Documentation of Objectives with Color Splash




In early grades when children are learning through play and hands-on activities, we need a method of displaying the learning that is taking place in regards to standards and objectives. Visually documenting children’s learning is a tool we use to analyze the intent of children’s work, reflect on the learning and progress to inform instruction and to engage students’ in conversations and self-reflection. If the hands-on work in which children engage becomes visible, it becomes a starting 2013-03-29 08.28.06point for conversations with children, families, colleagues, and administrators.

One way to draw attention to the learning in which we want to reflect upon is through the use of The Color Splash app. This app allows the focus to be on what the child is learning and accomplishing by coloring the parts of the photo in which you want to focus. A caption can be added to include the words of the child as he/she discusses the process of what is being learned or explored. 

This provides an insightful glance into the learning that is taking place during hands-on learning activities.

Pictures hung at the students’ eye-level spark conversations, reflections on their learning and encourage others to recreate and expand on the process.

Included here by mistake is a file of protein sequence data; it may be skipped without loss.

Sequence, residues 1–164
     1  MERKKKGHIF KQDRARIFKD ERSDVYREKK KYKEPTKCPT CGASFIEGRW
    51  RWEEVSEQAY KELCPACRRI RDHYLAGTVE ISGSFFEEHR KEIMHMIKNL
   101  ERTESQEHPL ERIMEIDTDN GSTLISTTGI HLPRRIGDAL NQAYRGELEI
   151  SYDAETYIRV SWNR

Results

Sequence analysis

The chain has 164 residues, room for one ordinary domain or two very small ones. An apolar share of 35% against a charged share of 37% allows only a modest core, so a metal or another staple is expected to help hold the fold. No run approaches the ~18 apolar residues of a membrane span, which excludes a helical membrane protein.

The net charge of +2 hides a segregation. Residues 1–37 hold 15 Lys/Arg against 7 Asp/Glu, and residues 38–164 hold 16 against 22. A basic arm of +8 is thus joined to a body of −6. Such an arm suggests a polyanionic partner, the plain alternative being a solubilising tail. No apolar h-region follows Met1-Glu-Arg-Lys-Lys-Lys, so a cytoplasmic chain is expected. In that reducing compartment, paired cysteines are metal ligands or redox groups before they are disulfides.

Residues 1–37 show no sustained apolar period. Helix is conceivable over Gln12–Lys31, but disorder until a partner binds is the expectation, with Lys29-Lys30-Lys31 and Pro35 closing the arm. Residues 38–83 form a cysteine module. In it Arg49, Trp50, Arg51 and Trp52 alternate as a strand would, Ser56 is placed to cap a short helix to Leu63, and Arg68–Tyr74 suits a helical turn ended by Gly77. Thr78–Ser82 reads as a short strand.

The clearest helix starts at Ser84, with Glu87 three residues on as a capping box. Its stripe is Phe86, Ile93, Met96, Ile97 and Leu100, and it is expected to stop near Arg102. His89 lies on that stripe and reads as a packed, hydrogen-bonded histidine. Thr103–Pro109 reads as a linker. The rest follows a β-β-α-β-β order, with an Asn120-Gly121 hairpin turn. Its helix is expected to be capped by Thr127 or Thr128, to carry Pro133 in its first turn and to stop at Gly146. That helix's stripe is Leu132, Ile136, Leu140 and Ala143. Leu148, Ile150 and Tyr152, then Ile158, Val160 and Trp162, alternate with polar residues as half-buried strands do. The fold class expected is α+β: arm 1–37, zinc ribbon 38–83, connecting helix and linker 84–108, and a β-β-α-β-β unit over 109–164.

color splash doc

color splash app

Color Splash on Google Play

Color Splash for Apple


Honoring Children through Display of Their Work

Continuing with our discussion of intentionally designed environments, today we are going to ponder how we honor students and develop a sense of belonging by our thoughtful display of their work.

Look around your environment and ponder how you can give greater importance and honor to children’s work  by placing it in a frame or on a shelf- in a place of honor. This communicates to the child that what they have created is important, has meaning and is worthy of being looked at by others.

Frames are expensive but I’ve even seen the lids to shoe  boxes covered to “frame” student’s work or poster board cut into shape of frame  and they both were beautiful displays of children’s work. I have also found some very inexpensive frames this summer at garage sales, flea markets and Goodwill stores.